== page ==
The small retailer has an important place in the structure of our retail markets which he can hold on the basis of supplying a service that is needed by his customers and for which they are willing to pay. In the below section, Characteristics Of Retail Market For Consumer Goods is discussed.
Characteristics Of Retail Market For Consumer Goods
(1) Nationwide Market : Most consumers’ goods are sold wherever there people. The market for consumers’ goods are co extensive with the presence of people and its depth varies with the density of population.
(2) Small Unit Value : Consumers’ goods are usually sold in units of a low taka value. To this general proposition there are also exceptions. The price of a yacht or a piece of jewelry may amount to hundreds of Taka and the price of the average automobile is likely to constitute a sizeable percentage of the annual income of its purchaser. In general, however, the average item of consumers’ goods is bought in units which cost at most a few Taka.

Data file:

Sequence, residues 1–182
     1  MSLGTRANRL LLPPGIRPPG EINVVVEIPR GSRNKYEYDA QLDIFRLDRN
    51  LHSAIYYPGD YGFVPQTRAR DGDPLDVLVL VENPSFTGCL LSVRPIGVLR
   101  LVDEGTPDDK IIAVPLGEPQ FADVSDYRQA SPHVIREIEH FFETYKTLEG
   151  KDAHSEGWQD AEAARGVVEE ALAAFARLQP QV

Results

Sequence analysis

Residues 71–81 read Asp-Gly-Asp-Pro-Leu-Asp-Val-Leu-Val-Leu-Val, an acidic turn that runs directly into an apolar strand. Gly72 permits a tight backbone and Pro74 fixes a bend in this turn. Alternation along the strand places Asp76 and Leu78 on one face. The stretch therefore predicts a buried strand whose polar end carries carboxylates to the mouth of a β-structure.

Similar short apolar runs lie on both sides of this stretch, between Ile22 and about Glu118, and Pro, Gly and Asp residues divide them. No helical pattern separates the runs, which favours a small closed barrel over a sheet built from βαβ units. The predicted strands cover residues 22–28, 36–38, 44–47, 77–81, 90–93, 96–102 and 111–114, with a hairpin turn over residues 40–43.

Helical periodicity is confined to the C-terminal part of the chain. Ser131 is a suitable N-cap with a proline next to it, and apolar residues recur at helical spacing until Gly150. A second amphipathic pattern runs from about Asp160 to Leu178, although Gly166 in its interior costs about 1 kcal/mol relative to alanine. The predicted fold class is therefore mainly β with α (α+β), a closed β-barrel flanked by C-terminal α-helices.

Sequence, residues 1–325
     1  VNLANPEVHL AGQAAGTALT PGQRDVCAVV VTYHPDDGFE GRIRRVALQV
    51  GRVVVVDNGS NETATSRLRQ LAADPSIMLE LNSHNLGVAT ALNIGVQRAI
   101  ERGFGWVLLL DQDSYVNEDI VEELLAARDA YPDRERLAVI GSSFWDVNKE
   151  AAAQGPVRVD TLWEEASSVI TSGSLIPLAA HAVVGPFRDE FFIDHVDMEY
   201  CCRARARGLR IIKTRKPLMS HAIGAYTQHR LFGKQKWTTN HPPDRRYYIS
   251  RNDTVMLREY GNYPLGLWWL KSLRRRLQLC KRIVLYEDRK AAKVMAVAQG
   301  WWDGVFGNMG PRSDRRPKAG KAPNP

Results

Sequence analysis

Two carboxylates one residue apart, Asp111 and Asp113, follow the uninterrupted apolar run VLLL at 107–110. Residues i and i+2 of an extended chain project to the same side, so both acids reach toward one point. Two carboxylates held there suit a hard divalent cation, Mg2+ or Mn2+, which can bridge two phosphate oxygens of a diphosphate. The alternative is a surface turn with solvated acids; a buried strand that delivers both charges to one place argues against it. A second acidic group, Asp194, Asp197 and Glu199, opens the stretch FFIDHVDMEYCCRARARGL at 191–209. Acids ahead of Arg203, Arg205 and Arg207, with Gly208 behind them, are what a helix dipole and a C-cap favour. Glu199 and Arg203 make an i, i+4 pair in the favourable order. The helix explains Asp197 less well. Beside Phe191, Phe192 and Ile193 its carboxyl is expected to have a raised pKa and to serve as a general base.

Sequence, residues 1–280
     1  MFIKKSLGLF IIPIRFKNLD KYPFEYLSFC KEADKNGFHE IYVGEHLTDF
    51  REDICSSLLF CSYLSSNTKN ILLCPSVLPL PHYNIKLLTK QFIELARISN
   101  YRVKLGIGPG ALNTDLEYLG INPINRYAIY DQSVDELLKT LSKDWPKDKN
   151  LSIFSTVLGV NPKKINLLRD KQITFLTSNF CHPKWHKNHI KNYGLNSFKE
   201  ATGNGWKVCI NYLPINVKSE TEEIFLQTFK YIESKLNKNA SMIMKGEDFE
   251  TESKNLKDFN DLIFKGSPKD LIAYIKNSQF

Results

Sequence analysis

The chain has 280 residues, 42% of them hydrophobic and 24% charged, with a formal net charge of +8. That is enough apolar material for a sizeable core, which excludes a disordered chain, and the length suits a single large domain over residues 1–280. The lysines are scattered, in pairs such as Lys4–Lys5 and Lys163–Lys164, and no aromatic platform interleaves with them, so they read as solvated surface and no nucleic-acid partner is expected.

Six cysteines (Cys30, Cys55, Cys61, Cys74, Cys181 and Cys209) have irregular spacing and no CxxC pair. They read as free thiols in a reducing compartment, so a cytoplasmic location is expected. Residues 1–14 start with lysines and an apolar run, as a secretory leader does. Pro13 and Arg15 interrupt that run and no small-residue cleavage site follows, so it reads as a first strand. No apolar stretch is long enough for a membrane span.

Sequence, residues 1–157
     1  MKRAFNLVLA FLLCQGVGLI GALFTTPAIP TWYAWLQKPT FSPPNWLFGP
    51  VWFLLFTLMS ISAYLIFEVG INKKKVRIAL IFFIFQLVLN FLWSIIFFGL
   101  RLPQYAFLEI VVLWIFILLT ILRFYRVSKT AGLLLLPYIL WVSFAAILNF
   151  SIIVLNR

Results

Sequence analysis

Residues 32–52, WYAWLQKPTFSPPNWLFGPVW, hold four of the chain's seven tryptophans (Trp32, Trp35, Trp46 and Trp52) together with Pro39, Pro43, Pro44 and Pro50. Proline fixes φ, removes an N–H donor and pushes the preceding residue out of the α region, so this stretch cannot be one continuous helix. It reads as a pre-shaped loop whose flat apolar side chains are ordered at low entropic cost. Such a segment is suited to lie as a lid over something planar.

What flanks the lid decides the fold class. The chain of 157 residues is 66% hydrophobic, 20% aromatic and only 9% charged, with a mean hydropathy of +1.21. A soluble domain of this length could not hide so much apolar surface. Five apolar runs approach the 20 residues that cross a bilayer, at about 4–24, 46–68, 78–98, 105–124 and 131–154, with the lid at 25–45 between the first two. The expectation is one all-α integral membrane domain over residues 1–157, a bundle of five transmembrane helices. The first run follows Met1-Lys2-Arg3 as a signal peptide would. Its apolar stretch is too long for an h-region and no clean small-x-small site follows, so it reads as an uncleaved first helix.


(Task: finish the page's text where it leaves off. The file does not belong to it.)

(3) Unskilled Buyers : Consumers’ goods are usually purchased by persons relatively unskilled in buying. The average ultimate consumer knows little about many of the articles which he buys in the course of his daily living and he is unwilling to spend time and effort to learn a great deal about them.
(4) Influence of Services : The services which accompany the purchase of consumers’ goods constitute a very important element in determining where the average buyer will place his patronage. Such matters as the atmosphere of the store, the courtesy of sales employees, delivery, credit and the policy with respect to adjustments and returns play a highly significant part influencing the flow of these goods at retail.
(5) Produced In Anticipation of Demand : Most consumers’ goods must be produced by manufacturers and bought by marchants in anticipation of the market rather than against orders. This means that manufacturers, wholesalers and retailers must forecast the market. To a great extent, the sucsess of an establishment engaged in making or selling consumer’s goods depend upon the efficiency with which demand is anticipated and its implications understood and implemented.
(6) Mass Selling : Many consumers’ goods are susceptible to mass selling. This is specially true of commodities that are bought by many types of consumers.